The West Africans say it is indigenous to them, the Asians say it’s theirs and the Ethiopians claim to be the first to cultivate it.
While the debate regarding the geographical origin of this vegetable is likely to continue for the foreseeable future, the goal of this article is to put an end to the etymological debate.
Why do people call it Okra instead of Okro?
The answer starts with the French, who colonized parts of West Africa. Okra comes from the Igbo word “ki nkwu ochia” which translates to “vegetable for soups.” The French heard this and said, “Okra.”
That’s right! Okra is French slang for the fruit of the Okro plant. And here’s where the two names diverge: Those living in Nigeria, Ghana and other parts of West Africa have continued to call the plant Okro, while those living in Canada, the Philippines, Liberia and the US have adopted the name okra.
This should have been the end of the article, but then, there’s a Ghanaian twist.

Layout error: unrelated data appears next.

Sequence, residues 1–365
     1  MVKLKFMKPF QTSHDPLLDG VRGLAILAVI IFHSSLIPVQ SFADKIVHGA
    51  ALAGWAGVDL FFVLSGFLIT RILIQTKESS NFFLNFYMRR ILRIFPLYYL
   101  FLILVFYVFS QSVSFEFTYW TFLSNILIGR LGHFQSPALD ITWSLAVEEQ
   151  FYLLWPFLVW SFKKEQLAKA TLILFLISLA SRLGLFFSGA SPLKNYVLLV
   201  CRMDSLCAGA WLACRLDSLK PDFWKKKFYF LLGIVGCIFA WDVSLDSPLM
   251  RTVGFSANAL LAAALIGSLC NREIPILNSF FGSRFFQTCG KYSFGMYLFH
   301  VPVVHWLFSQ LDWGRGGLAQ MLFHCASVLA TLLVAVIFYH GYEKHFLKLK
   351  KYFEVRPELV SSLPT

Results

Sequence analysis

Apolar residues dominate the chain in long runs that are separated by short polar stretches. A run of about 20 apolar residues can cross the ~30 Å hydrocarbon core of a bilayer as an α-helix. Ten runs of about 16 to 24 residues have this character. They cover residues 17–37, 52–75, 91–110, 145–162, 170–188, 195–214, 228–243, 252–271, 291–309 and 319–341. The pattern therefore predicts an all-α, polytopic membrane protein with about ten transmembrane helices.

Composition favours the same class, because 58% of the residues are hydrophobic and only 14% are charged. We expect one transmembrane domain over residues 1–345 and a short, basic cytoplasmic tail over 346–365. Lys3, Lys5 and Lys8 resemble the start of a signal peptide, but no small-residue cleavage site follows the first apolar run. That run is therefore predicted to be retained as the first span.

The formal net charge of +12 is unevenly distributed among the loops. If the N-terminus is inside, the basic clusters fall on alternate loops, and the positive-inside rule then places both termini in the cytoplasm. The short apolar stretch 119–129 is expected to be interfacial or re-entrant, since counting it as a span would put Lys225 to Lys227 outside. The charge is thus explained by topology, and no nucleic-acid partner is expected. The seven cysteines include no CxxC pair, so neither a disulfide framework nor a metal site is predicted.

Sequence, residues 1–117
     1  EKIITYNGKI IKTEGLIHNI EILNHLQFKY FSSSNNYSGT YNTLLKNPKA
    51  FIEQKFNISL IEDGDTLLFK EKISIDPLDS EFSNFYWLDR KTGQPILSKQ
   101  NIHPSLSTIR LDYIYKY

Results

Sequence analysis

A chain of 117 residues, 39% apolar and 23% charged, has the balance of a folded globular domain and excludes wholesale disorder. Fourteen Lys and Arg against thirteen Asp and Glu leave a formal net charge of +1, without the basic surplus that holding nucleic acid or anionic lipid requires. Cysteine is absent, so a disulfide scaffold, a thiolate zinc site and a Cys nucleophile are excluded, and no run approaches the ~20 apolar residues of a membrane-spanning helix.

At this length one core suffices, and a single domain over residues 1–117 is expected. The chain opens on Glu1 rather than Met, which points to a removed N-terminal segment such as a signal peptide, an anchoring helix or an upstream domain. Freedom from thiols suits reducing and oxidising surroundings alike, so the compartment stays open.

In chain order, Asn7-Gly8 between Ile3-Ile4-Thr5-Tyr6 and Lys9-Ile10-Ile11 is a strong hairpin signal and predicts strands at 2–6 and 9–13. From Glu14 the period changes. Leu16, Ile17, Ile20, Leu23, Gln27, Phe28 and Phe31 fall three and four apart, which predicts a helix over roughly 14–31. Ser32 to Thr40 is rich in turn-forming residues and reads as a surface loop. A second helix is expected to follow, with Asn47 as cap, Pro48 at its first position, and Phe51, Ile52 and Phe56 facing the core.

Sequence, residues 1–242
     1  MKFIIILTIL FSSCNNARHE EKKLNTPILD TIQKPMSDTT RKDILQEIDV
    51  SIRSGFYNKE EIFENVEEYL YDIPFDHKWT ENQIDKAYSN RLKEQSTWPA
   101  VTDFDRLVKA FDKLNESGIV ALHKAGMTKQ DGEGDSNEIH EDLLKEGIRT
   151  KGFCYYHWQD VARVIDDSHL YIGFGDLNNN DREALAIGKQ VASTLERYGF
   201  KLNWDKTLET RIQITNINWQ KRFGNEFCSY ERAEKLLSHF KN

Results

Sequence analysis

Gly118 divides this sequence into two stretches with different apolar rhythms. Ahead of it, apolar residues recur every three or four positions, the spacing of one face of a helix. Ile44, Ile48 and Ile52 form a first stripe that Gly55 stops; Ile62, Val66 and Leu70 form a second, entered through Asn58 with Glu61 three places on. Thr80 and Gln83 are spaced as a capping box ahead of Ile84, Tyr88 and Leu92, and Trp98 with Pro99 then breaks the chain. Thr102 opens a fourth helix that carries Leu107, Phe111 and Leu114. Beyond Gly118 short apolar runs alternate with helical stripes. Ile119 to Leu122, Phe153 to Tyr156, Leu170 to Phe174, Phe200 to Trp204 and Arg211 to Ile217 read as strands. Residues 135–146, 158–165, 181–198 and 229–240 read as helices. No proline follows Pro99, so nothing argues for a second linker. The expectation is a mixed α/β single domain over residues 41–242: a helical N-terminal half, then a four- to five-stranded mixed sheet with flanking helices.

The Ghanaians argue that the word okra comes from nkruma, the Twi (Akan language) word for the vegetable.
They believe that the name nkruma became anglicized into okro (which is how it’s actually pronounced in Nigeria). It was then picked up by European traders who were doing business in Ghana and then corrupted into okra before being passed on to other languages.
Whatever narrative you agree with, one thing is certain: it was Okro before it was Okra. As a result, it’s not a bad idea to point out that the proper name is Okro, not Okra.